But isn’t anger generally an unreliable guide to what’s right? Certainly you can be outraged over true cases of injustice, but if I were to look over all the times I’ve been angry and the proximate causes thereof, I’m quite sure I’d find that often I was angry for no good reason at all. Anger and passion can certainly motivate (though they can also exhaust and depress), but they’re only worth celebrating if they’re motivating something worthwhile.

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A Grand Tour

In the new Vanity Fair, Christopher Hitchens recounts his experiences touring the U.S. to promote his book, God Is Not Great. It’s an amusing article, and there’s an especially good paragraph on Austin’s own Marvin Olasky, the man who invented the term “compassionate conservativism.” Olasky apparently claimed that the Americans won the Revolutionary War because George Washington enforced Christian morality among the troops:

Olasky’s book on presidential morality (which sadly was written before this president took office) says that George Washington won the Revolutionary War because he forbade drinking and swearing in the ranks of his army, whereas the British forces were awash in immorality. I argue that the war was won largely by the French, who were not strangers to wine or oaths, and that the American troops at Valley Forge were much inspired by Thomas Paine, who may not have cursed all that much but who never left the brandy bottle alone and who thought that Christianity was a joke. Moreover, the Brits—indicted by Olasky for their indulgence in adultery and even buggery—did manage to hold on to Canada, India, much of the Caribbean, and much of Africa in spite of divine disapproval. “God on Our Side” is one of the oldest and weakest arguments in human history.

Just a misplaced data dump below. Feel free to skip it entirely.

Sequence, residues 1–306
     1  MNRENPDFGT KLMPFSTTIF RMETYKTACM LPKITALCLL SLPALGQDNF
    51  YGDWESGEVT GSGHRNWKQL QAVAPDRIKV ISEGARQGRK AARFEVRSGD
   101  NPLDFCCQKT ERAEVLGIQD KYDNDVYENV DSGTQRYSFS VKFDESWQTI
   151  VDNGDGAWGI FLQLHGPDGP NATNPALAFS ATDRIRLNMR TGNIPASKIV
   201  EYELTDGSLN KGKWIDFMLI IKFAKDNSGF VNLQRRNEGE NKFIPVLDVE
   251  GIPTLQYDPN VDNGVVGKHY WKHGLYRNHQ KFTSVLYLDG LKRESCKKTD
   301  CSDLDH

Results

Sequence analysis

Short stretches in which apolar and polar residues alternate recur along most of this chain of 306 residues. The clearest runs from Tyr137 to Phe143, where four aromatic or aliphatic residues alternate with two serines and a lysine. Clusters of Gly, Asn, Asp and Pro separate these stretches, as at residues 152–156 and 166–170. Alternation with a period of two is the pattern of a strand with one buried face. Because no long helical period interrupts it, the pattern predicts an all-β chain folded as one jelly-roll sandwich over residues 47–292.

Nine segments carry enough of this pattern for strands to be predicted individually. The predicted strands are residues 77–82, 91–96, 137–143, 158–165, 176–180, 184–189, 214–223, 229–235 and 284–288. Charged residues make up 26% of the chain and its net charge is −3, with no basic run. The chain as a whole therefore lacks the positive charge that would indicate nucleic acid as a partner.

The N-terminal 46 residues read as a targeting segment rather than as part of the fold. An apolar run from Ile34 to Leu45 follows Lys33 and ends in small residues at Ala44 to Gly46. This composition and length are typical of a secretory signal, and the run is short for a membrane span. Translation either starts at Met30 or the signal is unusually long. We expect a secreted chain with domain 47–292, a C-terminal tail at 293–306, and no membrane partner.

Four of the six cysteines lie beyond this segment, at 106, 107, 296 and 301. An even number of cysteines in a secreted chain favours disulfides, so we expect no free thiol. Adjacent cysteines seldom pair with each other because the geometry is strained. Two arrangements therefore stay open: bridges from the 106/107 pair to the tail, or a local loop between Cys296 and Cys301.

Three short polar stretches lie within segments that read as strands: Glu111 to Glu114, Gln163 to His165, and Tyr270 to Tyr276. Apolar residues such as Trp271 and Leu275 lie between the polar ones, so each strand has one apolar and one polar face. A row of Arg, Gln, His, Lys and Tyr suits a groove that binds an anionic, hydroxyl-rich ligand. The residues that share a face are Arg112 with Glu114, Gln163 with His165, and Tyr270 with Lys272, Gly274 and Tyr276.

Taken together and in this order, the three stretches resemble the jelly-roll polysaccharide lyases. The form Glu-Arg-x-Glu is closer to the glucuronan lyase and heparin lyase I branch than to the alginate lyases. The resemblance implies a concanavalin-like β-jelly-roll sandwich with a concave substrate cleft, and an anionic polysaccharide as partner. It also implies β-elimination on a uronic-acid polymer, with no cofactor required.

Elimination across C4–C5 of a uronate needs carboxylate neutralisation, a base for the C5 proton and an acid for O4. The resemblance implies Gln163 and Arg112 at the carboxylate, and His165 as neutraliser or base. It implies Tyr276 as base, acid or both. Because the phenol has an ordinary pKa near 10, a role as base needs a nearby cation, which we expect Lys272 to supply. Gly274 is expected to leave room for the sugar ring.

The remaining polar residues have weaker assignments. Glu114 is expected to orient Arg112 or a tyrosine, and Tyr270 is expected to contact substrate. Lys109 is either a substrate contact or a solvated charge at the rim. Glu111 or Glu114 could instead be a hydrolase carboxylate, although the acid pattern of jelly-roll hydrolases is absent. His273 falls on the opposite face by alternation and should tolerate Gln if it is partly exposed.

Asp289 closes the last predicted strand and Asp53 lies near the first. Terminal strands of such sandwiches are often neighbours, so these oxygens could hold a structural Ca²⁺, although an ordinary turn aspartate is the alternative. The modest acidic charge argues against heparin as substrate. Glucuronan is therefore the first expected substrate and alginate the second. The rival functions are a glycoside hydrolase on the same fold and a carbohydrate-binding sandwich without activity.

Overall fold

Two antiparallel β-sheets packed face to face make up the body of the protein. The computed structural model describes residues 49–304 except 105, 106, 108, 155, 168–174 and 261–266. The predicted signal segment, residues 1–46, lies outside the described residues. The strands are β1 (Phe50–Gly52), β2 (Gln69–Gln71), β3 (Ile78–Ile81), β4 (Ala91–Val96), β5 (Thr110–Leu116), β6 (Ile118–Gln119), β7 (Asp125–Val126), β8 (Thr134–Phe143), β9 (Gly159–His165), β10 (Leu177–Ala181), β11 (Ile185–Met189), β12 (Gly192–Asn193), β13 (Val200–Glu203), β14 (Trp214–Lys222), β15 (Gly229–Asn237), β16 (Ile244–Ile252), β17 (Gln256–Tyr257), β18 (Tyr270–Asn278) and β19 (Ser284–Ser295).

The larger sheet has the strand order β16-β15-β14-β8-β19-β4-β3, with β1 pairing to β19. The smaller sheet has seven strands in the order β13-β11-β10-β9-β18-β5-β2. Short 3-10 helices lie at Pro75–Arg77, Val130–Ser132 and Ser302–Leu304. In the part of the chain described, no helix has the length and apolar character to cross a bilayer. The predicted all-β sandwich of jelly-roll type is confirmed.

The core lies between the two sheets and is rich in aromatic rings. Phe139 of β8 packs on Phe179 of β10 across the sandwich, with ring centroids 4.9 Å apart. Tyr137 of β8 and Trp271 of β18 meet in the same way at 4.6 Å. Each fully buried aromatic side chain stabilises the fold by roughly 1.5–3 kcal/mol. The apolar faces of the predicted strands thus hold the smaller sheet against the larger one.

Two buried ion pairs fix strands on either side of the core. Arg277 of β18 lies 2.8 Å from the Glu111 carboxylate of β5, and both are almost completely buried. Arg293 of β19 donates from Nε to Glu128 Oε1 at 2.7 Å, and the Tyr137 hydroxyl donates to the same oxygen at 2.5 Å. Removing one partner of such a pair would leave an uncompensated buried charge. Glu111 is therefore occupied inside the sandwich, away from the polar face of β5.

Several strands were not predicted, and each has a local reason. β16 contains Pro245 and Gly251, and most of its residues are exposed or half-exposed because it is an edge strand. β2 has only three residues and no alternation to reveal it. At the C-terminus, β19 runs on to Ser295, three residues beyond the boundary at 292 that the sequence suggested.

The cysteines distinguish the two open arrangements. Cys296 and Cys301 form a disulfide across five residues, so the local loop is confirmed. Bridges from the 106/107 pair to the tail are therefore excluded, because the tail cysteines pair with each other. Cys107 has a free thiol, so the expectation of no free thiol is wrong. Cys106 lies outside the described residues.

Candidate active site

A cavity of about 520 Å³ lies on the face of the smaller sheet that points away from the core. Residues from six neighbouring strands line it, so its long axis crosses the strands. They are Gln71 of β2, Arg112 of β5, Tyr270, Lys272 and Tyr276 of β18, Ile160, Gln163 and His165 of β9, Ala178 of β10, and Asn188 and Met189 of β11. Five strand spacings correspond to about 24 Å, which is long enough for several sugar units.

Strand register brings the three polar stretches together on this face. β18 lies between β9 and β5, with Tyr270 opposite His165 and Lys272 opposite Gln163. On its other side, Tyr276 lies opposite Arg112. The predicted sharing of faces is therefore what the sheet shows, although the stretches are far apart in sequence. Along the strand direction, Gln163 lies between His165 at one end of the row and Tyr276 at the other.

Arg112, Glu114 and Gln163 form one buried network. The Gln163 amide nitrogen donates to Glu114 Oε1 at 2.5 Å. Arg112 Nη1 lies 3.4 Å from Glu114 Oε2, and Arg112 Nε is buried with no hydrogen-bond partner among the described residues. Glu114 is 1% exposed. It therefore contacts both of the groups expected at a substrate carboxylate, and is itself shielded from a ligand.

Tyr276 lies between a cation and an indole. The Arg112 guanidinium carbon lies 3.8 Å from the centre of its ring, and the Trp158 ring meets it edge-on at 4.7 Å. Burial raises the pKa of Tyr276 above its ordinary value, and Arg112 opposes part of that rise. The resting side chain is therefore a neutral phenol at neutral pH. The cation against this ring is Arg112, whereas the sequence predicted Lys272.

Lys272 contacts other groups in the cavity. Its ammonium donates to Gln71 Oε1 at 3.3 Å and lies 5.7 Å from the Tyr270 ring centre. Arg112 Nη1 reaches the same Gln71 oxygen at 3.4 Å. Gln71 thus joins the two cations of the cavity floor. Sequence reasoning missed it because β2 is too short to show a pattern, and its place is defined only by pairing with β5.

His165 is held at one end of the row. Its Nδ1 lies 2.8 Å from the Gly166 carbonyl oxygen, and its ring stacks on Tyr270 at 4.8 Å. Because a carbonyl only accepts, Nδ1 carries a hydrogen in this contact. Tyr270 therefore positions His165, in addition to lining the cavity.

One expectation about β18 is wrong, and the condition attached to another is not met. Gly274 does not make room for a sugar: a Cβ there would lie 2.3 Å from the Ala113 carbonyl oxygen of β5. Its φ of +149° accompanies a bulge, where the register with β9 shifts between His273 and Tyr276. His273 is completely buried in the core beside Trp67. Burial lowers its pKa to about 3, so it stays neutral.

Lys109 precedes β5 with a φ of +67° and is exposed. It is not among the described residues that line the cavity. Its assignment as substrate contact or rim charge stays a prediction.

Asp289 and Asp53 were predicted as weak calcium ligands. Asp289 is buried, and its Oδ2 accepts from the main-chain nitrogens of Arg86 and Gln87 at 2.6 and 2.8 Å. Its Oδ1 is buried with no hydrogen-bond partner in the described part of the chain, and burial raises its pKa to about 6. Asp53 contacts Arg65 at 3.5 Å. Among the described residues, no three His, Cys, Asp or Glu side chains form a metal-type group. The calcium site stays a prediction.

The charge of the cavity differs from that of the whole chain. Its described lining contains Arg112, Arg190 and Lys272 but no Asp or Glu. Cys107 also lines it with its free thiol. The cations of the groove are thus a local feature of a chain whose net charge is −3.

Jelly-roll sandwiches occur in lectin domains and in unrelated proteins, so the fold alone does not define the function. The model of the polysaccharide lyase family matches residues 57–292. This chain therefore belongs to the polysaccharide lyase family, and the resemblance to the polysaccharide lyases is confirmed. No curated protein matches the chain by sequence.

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Supply-side Theology

The Wall Street Journal has an article about a possible uptick in religious observance in Europe as governments reduce their support of established churches. The idea is that “deregulating” churches, like deregulating any other industry, will boost competition, in this case for souls:

“The enemy of faith, say the supply-siders, is not modernity but state-regulated markets that shield big, established churches from competition. In America, where church and state stand apart, more than 50% of the population worships at least once a month. In Europe, where the state has often supported—but also controlled—the church with money and favors, the rate in many countries is 20% or less.”

I wish the activists hell-bent on making the U.S. government more “Christian” would read and absorb the lesson of this article. Trying to make the government more like Old Time Gospel Hour might be more likely to bring a little bit of the spirit of the Department of Motor Vehicles to the house of God. Conversely, really militant atheists might start supporting faith-based initiatives and vouchers for religious schools as a reliable way to reduce religiosity in the country.